Discussion and examination take place at the initial consultation appointment when the patient reports time of onset, duration and intensity of pain in the affected area. The examination explores the pattern of jaw movement to detect sounds and tenderness to gentle pressure.
Further diagnostic testing is indicated when the presence of jaw joint dysfunction is suspected. Further testing is designed to properly diagnose the patient's problem and to try to reduce the signs and symptoms of the dysfunction.
To determine if the lower jaw and the disc of the TM joints are in the correct position, the following diagnostic tests are used:
Medical and Dental History as well as an examination of the teeth and the dental arches.
TMJ Health Questionnaire: Patients are asked questions regarding possible TM dysfunction symptoms. If the patient answers "yes" to any of the symptoms and "yes" to clenching and bruxing, then further tests are required to confirm the presence of a jaw joint problem (TM disorder).
Click here to view a TMJ Self-Assessment Questionnaire.
Patients are checked for how wide they can open, slide left and right, move the jaw forward, and whether or not there is a deviation or deflection of the jaw upon opening. If there is a problem achieving normal range of motion, there is usually a structural problem within the joint.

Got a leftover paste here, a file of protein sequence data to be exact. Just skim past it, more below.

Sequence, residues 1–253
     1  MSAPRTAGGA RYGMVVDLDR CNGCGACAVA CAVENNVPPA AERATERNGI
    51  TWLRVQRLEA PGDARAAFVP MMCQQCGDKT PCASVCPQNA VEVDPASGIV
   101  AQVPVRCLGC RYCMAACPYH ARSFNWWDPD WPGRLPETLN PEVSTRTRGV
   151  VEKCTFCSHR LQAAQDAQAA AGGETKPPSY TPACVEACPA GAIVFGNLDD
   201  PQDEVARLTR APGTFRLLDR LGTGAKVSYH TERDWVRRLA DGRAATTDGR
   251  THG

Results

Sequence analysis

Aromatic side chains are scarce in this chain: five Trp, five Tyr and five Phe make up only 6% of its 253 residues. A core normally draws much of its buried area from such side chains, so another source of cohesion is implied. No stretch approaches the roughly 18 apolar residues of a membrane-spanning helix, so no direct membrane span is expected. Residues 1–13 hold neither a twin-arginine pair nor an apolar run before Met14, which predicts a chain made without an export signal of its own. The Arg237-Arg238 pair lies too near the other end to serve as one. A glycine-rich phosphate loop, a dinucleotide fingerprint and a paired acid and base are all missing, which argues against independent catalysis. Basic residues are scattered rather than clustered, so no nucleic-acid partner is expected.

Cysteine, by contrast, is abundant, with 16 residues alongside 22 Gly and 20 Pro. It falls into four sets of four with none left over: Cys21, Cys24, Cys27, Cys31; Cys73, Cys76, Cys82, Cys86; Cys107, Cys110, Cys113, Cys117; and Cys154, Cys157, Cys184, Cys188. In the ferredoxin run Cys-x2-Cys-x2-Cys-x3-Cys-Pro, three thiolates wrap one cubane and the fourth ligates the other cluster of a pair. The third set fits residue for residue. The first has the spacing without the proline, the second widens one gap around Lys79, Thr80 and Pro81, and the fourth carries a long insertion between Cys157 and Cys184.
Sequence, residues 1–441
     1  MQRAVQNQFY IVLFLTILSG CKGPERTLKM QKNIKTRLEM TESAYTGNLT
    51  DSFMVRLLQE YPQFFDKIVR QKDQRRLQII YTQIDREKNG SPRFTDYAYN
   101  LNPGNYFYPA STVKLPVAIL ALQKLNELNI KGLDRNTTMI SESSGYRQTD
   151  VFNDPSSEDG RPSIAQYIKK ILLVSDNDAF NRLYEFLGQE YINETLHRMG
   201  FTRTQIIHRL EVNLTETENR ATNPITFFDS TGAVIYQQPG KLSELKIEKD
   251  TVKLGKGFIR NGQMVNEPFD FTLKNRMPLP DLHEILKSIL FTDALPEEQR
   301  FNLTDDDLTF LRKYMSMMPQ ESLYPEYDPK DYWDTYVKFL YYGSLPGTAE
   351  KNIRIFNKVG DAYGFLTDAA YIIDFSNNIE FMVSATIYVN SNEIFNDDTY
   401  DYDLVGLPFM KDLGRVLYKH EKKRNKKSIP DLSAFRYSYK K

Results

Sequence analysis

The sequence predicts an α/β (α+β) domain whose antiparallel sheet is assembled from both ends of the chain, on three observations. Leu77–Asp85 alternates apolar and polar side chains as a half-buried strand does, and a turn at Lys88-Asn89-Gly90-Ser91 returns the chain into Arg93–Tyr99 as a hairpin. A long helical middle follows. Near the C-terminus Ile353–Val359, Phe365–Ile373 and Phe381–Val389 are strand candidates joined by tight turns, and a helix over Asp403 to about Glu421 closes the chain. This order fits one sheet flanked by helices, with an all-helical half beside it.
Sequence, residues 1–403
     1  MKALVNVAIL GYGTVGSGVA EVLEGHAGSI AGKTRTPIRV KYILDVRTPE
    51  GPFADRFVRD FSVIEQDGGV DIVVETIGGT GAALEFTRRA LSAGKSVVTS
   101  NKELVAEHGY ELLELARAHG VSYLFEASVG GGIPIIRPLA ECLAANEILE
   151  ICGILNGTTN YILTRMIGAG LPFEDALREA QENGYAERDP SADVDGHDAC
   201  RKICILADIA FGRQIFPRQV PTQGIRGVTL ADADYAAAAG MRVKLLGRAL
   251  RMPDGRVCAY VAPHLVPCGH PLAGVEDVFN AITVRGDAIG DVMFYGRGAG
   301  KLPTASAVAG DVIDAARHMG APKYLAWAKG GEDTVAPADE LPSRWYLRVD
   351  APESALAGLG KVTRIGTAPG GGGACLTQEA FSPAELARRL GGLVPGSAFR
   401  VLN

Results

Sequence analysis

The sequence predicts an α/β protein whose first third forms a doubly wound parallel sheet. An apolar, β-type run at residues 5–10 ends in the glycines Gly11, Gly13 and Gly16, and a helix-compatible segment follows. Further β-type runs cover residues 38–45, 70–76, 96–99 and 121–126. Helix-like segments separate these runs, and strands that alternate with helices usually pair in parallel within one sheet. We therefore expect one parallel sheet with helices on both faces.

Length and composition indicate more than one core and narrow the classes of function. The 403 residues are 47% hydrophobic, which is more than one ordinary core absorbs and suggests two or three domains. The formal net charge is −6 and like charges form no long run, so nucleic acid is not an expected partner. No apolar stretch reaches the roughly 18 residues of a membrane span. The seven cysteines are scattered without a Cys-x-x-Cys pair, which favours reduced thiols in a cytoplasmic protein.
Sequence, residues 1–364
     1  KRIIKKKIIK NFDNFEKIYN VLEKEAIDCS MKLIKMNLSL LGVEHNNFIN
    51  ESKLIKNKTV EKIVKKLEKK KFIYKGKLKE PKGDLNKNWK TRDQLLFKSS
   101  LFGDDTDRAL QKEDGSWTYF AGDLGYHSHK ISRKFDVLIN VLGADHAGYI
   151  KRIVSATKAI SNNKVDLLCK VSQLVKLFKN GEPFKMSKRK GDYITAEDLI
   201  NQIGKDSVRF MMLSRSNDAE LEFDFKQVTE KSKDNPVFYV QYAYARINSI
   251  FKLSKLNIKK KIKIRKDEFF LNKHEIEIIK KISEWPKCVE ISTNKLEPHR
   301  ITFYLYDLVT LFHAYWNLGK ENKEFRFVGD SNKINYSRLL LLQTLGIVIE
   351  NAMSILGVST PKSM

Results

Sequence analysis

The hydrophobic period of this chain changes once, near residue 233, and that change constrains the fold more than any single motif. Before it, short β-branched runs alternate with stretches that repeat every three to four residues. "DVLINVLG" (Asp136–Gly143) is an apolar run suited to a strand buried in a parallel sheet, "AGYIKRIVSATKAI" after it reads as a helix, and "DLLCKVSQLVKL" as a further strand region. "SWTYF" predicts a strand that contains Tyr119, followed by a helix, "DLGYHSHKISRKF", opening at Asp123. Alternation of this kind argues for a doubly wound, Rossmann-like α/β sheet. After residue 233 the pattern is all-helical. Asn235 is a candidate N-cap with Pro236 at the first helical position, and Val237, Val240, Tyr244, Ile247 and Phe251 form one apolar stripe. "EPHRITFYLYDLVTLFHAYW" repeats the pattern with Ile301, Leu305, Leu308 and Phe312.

Excessive muscle contractions and trigger points indicate a problem with the chewing muscles of mastication. This causes the muscles of the head and neck to be sore when pressed by the dentist. This usually means that the lower jaw is not in the correct position.
This is specialized equipment used to take readings of the noises or vibrations occurring within the jaw joints upon opening and closing movements. The JVA is simply a 3-minute, non-invasive test where headphones are placed on both jaw joints and the patient is instructed to open and close six times. An abnormal or dislocated joint has distinctive vibrations which can be analyzed to help diagnose the seriousness of the problem.
This specialized equipment takes readings of the force and time that each tooth comes together and apart. This testing will determine if there is a bite or occlusal problem involved.
Once it has been determined that there is a TMD problem, further diagnostic testing is required. This involves x-rays (tomographs, panorex, etc.), EMG, mounted diagnostic casts with a ultra low frequency TENS and appropriate bite registration.
There are basically 5 stages of disc displacement. Ideally, if there is a jaw problem you would hope that the patient is in Stage 1 or Stage 2 where the disc can eventually be recaptured. If the JVA reveals that the patient is in Stage 3, 4 or 5, this is a much more serious problem and the prognosis is not as good for resolution of all the symptoms.